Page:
Sickle Cell Disease Fact Sheet

CIRM funds many projects seeking to better understand sickle cell disease and to translate those discoveries into new therapies.


More than 80,000 Americans have sickle cell disease and despite decades of research the average life expectancy has dropped from 42 in 1995 to 39 today. It is a disease that largely targets the African-American community and to a lesser degree the Hispanic community.

Sickle cell disease is a genetic disorder that causes red blood cells to assume a sickle shape under stress, clogging blood vessels and producing episodes of excruciating pain, called crises, and leading to progressive organ damage. By twenty years of age about 15 percent of people with sickle cell disease have had major strokes and by 40 almost half of the patients have significant mental dysfunction.

The most common recommendation for people with sickle cell disease is to stay hydrated. The more water a person drinks, the less likely it is that their abnormal blood cells will clog their blood vessels. Another effective treatment is a medication called hydroxyurea, which reduces crises by 50 percent and death by 40 percent, but most adults are not treated. The populations most effected by sickle cell disease also suffer from significant health care disparities, which lower the quality of care they receive for their disease.

Bone marrow transplants are used to treat children with the most severe cases of the disease. In fact one of CIRM’s board members, Bert Lubin, MD, the President and CEO of Children’s Hospital and Research Center Oakland, has been a leader in developing this therapy for kids with sickle cell disease (his bio is here). The replacement bone marrow cells generate an entirely new blood system for the patient. However, bone marrow transplants are extremely risky and require a matched sibling donor and even under the best conditions there is always the risk of rejection.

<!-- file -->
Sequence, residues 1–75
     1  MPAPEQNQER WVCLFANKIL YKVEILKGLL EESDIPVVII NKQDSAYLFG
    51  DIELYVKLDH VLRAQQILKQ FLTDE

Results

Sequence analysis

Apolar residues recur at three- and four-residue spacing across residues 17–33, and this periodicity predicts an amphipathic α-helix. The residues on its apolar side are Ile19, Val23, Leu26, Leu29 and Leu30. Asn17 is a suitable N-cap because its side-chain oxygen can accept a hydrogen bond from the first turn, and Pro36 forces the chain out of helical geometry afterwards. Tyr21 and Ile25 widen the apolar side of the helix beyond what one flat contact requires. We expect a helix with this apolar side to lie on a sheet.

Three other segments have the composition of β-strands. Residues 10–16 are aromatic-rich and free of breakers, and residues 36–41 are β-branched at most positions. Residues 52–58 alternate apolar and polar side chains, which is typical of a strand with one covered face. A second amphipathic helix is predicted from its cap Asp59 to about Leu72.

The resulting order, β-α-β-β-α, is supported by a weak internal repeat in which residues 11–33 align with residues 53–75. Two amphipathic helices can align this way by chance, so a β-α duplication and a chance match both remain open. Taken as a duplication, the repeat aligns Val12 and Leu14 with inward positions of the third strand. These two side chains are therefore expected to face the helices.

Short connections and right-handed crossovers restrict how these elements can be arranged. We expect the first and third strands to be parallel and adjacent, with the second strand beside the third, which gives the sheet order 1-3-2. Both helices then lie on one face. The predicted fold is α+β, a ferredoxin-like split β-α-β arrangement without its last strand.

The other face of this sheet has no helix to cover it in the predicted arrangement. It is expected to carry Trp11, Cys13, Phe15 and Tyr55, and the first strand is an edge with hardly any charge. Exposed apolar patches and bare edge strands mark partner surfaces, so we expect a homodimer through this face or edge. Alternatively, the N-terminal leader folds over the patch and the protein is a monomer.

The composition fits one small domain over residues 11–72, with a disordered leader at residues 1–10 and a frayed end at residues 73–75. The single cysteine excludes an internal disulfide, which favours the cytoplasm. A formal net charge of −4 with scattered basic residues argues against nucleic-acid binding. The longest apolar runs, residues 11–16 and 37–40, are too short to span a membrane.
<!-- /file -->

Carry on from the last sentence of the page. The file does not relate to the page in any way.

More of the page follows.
Research funded by California’s stem cell agency focuses on making bone marrow transplants safer and more effective for treating people with sickle cell disease. In one project, the researchers intend to remove bone marrow from the patient and fix the genetic defect in the blood-forming stem cells. Then those cells can be reintroduced into the patient to create a new, healthy blood system. Because the cells come from the patient this technique avoids the issue of rejection. Other researchers are developing ways of making bone marrow transplants safer.

Clinical Stage Programs

University of California, Los Angeles

This team of researchers plans to remove bone marrow cells from people with sickle cell disease and fix the genetic mutation that causes the disease. The team will then reintroduce the new cells into the patient. Those cells will then generate new, healthy blood cells.

CIRM Grants Targeting Sickle Cell Disease

CIRM Blood Disease Videos


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